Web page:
This week’s guest blog is by Dr Siân Fogden, who is is a Nanotechnologist. Here, she tells us about her favourite fascinating molecule, Graphene.
My Molecule: Graphene
Is there anything that graphene can’t do? By being stronger than steel, the world’s best conductor of heat and electricity, totally flexible and see through and so light that you can’t feel it, it has truly earned its reputation as a wonder material! A wonder material that could lead to mobile phones that you could roll up and put in your pocket (with screens that don’t break); invisibility cloaks; clothes that could generate electricity as your wear them; transfer tattoos that could sense your breathing, heart rate, or blood sugar; or even an elevator into space!
Graphene is a single layer of carbon atoms arranged in a hexagonal lattice – it essentially looks like a flat sheet of chicken wire only extremely tiny! So tiny in fact it is one hundred thousand times smaller than a human hair. That is seriously small.
I have been working with graphene and the other molecules in its family (such as carbon nanotubes – which are just like graphene only rolled up into a tube) for the best part of 15 years. I love the fact that these molecules have only started to be studied so recently – the first experiments on graphene were only completed in 2004, while I was working on their nanotube cousins! So every time you work on them or whenever you think of an experiment to do – it will be the first time that that experiment has been done!
In fact, those first experiments performed in 2004 won the scientists (who happened to be from Manchester University) a
Nobel prize (which is like the Oscars for science). The really incredible thing, though, is not that these scientists won a Nobel prize but their method for making graphene. They used stick tape! STICKY TAPE!!!!! They took a block of graphite (just like graphite you find in a HB pencil) and stuck some sticky tape to it, peeled it off, stuck some more tape to that, peeled it off and kept doing that until they only had one layer of graphite left – this single layer is called graphene!! How often do you hear of a Nobel prize-winning experiment that you can replicate at home?!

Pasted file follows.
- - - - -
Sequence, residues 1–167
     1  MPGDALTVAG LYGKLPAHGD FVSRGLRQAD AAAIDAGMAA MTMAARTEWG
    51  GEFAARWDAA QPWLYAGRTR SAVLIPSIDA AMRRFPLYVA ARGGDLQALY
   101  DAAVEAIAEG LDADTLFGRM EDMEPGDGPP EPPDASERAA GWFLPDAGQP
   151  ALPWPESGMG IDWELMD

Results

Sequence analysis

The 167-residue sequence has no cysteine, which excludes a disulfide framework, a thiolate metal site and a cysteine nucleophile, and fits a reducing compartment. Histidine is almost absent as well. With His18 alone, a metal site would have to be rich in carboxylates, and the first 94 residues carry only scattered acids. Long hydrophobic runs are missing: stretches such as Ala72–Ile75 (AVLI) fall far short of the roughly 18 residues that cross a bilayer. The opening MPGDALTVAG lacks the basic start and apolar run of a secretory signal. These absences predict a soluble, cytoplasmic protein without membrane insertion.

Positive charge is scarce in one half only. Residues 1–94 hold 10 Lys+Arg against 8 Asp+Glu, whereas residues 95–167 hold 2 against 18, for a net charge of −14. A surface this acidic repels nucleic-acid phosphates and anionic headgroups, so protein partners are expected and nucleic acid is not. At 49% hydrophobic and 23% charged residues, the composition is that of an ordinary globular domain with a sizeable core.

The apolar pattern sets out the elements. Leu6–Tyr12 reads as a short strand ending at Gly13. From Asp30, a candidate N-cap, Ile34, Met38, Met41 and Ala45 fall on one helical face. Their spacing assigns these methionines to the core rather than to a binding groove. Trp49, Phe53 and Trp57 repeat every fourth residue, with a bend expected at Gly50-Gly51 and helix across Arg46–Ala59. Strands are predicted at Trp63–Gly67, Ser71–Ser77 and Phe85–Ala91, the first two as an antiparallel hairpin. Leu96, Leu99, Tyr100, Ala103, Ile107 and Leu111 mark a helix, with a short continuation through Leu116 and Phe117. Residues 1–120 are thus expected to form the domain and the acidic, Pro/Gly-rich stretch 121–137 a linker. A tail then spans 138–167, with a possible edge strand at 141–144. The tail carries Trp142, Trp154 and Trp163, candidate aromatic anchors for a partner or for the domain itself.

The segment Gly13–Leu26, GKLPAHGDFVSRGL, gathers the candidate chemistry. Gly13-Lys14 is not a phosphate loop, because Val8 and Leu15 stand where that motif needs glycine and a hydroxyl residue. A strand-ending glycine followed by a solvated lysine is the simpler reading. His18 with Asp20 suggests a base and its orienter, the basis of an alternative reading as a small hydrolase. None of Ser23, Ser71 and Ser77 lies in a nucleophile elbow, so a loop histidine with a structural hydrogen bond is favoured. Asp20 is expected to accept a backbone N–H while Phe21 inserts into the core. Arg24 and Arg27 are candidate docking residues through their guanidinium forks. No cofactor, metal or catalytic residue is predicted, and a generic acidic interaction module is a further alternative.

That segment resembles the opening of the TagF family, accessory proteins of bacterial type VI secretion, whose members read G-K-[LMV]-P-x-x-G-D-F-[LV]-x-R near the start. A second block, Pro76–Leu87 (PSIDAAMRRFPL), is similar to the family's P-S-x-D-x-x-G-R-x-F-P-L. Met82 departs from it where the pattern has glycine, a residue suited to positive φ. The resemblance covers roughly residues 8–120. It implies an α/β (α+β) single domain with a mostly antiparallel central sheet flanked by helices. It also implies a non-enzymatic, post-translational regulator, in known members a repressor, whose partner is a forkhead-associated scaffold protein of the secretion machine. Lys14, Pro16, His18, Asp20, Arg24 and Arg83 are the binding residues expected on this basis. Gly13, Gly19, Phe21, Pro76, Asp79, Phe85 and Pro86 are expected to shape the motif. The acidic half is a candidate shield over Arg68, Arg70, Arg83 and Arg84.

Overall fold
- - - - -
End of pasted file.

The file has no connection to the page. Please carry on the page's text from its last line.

Since these first experiments on graphene, scientists from all over the world have been attempting to harness its unique properties. Obviously producing graphene by sticking it to tape is cool but not ultimately useful! It has been found, however, that graphene can be quite easy to make and dissolved into water – just add special soap to water and graphite flakes and blend in a normal kitchen blender and voila – graphene ready to use! High quality graphene can also be ‘grown’ as large flat sheets onto a sheet of copper. This opens up the opportunity to take advantage of another amazing graphene property: its ability to not let any other molecules pass though it. In other words, it acts as a complete barrier. As a barrier graphene could be used in simple things like packaging for food to keep it super fresh through to very complicated things like high quality displays.
The potential uses for graphene are really only limited by your own imagination – I truly believe that it will revolutionise the world around us!
Dr Siân Fogden (@DrSianF) is a Nanotechnologist with an Oxford University chemistry degree and an Imperial College London PhD. She spent five years in southern California working as the Market and Technology Development Manager for Linde Nanomaterials, which was created to commercialise the technology developed and patented during her PhD. In 2015 Dr Fogden brought her technology back to London and created Anionica to continue this commercialization path. Her technology focuses on the reductive dissolution of carbon nanotubes, producing inks to make transparent conductive films. Such films can be used in flexible displays, touch screens, smart windows and solar cells.
Is there a molecule that truly fascinates you? You can enter our competition now and tells us about your favourite molecule to be in with a chance of winning a Nano Simbox VR workshop for your school! Join in on twitter too with #MyMolecule.